First try of Audacity

Lubuntu-18.04, ALSA and PulseAudio.
I want to record speech off my microphone and save it to an .mp3 file, then play it on my main speakers.
Not much to ask.

But a normal install of the audacity package gives me v2.1.1, which doesn’t work according to your website.
So I get the audacity PPA and update to v2.3.2.
The interface is massively complicated and packed in to a small area at the top, plus another toolbar at the bottom, leaving a vast area of empty space on screen.
So I rearrange the toolbars into what I think is a more logical layout all at the top:

  1. choice of devices, because that’s the first thing anybody would want to do.
  2. input device monitor, output device monitor, because that is the only way to check that the choice of devices is correct.
  3. transport toolbar
  4. all other toolbars off
    File > exit to save the toolbar positions.

I have a microphone plugged into MIC, a USB webcam plugged in which has its own microphone, a USB-phone plugged in with mono microphone and speaker.
I have stereo speakers using the HDMI output on the monitor.
The Mic drop-down list does not have the USB-phone mentioned.
The speakers drop-down list does not mention my speakers, and after recording a short piece, I can’t find ANY setting that plays on my speakers.

Help > Quick help opens a blank window.
Help > Manual… opens a blank window.

After a hour of playing around with settings in Audacity and Pavucontrol, I cannot get Audacity to record from the microphone plugged into Mic and play on speakers plugged into HDMI-2.
There’s something seriously wrong with Audacity.
Why can’t you choose the input and output devices seperately from Pulseaudio settings?
Why can’t you call the devices by sensible names and have all of them, and nothing but them, in the input and output drop-down lists?

The Ubuntu 18.04 repository carries Audacity 2.2.1 (Ubuntu – Package Search Results -- audacity). This version does work (I use it myself).

We’re aware of this problem, and it appears to be due to a glitch when jumping from an old version to the current version. No-one has been able to reproduce the problem under test conditions, so we are unsure of what exactly causes it.
The workaround is very simple: “View menu > Toolbars > Reset Toolbars”.

Normally you should start with the default. This has been selected by the developers because it is the right choice for most users.
In the case of Audacity on most mainstream Linux distributions, the default is to use PulseAudio (the system default). PulseAudio then allows you to select the physical audio inputs and outputs via “pulseaudio volume control” (which may be called something like “Mixer” or “Settings” in the Desktop sound settings).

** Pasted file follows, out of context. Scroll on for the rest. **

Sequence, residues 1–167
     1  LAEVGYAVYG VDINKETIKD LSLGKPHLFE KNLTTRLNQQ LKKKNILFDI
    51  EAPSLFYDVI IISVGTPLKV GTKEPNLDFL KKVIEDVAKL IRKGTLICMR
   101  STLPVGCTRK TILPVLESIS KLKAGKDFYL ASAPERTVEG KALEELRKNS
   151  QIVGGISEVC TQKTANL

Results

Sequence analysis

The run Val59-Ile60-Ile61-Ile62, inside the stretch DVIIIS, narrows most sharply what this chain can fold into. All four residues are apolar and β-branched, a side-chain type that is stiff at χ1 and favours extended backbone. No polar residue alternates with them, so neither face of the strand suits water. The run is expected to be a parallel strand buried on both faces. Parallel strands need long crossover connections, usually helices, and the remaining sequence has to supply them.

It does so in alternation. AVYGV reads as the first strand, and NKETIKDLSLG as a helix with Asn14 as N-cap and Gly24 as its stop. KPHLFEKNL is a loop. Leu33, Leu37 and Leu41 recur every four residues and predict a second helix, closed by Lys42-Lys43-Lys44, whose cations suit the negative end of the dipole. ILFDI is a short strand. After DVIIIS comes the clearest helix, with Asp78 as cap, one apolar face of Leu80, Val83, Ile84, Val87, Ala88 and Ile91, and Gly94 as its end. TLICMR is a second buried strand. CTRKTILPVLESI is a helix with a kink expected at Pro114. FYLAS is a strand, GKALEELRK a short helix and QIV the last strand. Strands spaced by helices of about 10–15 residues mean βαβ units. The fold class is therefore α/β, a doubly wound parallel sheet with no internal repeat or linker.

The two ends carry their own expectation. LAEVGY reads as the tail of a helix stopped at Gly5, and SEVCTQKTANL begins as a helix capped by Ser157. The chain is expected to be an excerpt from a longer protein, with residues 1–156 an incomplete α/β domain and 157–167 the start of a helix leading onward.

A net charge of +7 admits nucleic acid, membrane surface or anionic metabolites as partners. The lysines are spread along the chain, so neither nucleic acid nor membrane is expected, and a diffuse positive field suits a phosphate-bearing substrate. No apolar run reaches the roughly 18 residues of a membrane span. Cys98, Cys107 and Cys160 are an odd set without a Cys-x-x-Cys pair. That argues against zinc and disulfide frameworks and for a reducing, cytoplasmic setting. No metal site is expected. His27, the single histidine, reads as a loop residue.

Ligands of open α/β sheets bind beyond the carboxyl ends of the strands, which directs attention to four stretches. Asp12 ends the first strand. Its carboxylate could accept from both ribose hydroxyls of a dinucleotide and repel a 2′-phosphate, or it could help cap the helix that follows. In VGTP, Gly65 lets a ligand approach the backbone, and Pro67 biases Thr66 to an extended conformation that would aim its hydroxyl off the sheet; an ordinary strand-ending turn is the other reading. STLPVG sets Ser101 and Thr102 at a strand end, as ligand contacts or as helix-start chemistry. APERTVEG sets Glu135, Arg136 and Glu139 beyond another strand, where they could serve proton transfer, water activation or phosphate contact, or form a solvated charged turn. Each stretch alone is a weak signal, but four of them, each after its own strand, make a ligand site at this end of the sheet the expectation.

Unfortunately there is a long standing bug that Linux users have to contend with, which is that PulseAudio is prone to crashing and respawning when switched on / off frequently. This is fatal for Audacity because when PulseAudio respawns, Audacity freezes. The workaround is to use the ALSA device directly, bypassing PulseAudio. To do this, select the “hw” option that corresponds to the hardware that you wish to use. Settings for the ALSA device are easily adjusted using “ALSA Mixer”. To launch ALSA Mixer, open a terminal and enter:


For the short help for ALSA Mixer, enter:

alsamixer -h

For the full ALSA Mixer manual, enter:

man alsamixer

The microphone should normally be connected before launching Audacity. If you connect (or disconnect) an audio device while Audacity is running, you must tell Audacity to “rescan audio devices” (near the bottom of the “Transport” menu).

That may be due to a problem with the PPA build.
If the PPA build is a flatpak or snap package, you will have multiple problems with external resources (such as accessing the manual, plug-ins, optional modules and optional libraries).

You can (in official release versions). You do that by selecting the appropriate “hw” option.

When you run Audacity, it initially has no idea what audio devices are available on your system, so it scans the sound system to see what devices are available. The full list of available audio devices, as reported by the operating system, can be seen in
“Help > Diagnostics > Audio device info”
The list of devices shown in the Device Toolbar is made up of all the devices that the operating system says are available.

Given that you are having multiple problems, I’d suggest that you:

  1. Completely uninstall Audacity.
  2. Remove the PPA from your sources list
  3. Install Audacity 2.2.1 from the official Ubuntu repository
  4. Write back here if you still have problems.